Simple analytic tools are presented to predict a horizontal or slanted well's inflow performance relationship (IPR) producing from a solution-gas drive reservoir. Although a great body of work has been reported for a vertical well's performance during two-phase flow in the reservoir, only a few papers describe the same for a slanted/horizontal well.
Two recent studies developed empirical correlations for horizontal wells along the lines of Vogel, who had correlated flowing bottomhole pressure with flow rate for vertical wellbores by using numerical simulations. This work shows the difficulty of using these new correlations for evaluating the absolute open flow potential (AOFP), thereby limiting their applications in a predictive mode when field data are unavailable.
We also show that once the AOFP or the maximum oil flow rate is properly evaluated, both Vogel and Fetkovich correlations, originally intended for vertical wells, can be used to describe a well's IPR regardless of its orientation. Likewise, methods available for future prediction of a vertical well's IPR are equally applicable for wells having a different orientation. The AOFP can be computed by using any of the productivity index expressions developed for horizontal wells for various outer-boundary conditions. For slanted wells, the Cinco et al. correlation is used to calculate an effective wellbore radius and hence the well's productivity index.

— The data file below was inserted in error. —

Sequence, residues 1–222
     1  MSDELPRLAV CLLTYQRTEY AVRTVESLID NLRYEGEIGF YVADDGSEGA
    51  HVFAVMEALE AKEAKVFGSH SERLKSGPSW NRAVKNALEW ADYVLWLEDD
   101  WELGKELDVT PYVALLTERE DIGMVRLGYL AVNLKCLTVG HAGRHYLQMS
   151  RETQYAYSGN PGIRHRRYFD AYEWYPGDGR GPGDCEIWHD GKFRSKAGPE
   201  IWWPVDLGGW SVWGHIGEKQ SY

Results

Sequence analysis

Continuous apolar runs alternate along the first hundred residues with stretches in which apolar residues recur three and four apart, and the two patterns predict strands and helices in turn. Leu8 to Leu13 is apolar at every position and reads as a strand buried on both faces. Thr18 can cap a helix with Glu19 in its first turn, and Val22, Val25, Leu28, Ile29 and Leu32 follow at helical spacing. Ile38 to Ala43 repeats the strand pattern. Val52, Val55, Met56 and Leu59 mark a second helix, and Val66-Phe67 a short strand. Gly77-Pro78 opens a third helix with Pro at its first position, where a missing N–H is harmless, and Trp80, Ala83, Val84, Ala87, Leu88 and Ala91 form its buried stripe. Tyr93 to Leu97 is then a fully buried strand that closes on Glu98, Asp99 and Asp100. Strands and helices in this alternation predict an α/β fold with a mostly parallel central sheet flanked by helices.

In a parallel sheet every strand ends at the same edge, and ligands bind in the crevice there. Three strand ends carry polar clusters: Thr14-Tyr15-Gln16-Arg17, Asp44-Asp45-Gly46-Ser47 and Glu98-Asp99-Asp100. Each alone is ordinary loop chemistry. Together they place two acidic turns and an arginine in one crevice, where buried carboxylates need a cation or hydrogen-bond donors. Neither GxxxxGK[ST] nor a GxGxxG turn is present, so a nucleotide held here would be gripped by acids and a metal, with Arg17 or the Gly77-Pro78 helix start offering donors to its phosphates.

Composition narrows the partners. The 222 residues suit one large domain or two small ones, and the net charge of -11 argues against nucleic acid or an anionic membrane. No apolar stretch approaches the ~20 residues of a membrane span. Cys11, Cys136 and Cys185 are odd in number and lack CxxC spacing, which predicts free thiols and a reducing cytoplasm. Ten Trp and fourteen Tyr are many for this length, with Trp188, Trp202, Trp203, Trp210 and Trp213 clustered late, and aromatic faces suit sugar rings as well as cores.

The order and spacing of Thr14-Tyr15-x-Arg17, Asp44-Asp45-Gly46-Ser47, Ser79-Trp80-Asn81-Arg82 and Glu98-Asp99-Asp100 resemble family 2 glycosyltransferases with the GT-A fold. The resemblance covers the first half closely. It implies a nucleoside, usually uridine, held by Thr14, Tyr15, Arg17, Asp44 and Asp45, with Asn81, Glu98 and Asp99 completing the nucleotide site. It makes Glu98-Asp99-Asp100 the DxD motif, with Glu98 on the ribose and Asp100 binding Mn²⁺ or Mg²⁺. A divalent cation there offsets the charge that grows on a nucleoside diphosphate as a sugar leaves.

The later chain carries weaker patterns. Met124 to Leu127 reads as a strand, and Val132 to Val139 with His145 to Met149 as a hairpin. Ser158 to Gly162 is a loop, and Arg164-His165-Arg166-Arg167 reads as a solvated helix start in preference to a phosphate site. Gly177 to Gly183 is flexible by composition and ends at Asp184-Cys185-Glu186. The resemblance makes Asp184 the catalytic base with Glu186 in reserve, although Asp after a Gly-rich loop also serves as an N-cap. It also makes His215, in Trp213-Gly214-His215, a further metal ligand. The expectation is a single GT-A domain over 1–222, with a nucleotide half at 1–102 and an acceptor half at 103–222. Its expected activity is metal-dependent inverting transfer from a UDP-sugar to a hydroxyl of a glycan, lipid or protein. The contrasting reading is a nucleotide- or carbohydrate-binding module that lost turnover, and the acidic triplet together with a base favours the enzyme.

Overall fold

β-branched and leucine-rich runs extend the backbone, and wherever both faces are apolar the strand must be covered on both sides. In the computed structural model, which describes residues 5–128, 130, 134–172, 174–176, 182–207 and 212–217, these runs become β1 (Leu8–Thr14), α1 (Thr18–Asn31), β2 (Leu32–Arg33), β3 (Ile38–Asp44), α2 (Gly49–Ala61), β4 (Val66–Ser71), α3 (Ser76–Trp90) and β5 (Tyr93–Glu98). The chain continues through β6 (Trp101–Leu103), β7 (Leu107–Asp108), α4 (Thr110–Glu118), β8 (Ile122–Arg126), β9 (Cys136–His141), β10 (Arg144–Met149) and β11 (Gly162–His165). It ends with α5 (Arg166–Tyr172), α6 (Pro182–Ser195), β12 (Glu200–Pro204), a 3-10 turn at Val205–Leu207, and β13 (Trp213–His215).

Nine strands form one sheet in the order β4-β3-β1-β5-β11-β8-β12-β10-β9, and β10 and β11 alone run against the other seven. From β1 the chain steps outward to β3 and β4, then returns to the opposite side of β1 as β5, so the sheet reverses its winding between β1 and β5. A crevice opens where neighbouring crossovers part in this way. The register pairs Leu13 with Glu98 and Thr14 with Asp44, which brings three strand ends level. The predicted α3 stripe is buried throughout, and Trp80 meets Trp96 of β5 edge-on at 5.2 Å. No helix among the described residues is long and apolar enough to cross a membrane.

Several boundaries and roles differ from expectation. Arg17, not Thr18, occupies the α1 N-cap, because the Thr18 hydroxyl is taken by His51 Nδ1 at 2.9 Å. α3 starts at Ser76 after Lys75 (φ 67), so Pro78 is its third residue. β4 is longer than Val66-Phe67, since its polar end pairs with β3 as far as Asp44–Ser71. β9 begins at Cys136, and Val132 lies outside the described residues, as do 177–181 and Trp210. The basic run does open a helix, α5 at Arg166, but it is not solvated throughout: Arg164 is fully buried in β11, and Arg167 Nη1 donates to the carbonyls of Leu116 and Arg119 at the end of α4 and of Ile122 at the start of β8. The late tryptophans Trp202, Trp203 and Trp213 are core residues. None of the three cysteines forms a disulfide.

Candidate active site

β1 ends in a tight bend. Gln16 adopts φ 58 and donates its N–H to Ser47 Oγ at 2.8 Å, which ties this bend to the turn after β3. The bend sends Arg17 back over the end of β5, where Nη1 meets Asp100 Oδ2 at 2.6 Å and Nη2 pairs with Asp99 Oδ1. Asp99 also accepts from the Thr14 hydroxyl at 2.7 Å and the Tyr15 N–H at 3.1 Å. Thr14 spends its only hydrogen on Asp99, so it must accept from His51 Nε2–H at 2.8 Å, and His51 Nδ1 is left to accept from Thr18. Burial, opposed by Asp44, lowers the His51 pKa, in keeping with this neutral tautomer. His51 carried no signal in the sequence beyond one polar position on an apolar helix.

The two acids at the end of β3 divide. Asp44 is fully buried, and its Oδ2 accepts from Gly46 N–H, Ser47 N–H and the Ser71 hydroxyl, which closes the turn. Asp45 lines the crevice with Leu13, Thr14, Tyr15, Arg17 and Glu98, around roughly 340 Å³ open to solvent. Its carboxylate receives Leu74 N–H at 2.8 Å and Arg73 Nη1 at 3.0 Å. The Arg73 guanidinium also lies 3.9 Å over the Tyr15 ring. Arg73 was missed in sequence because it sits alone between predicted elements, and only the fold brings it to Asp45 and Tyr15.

Synthetic examples are used to show the application of the proposed methodology for computing a slanted well's IPR. On the other hand, a field example illustrates the method's applicability in a horizontal well.
The productivity of horizontal wells has been the subject of much study in recent years. Although the potential for improved productivity through horizontal wells were recognized in the mid 1950s, the advent of new drilling technology led to the resurgence of interest in this area. Scores of papers have been written to predict the performance of horizontal wells for single-phase and two-phase flow situations. Use of different boundary conditions have led to various analytic formulas for single-phase reservoir flow. In all these formulations, wellbore pressure-drop was neglected.
While the analytic methods are invaluable for initial prospect evaluation, numerical modeling is required to account for complex wellbore/reservoir interaction and for two-phase wellbore pressure drop calculations, as shown by Nghiem et al. and Wasserman.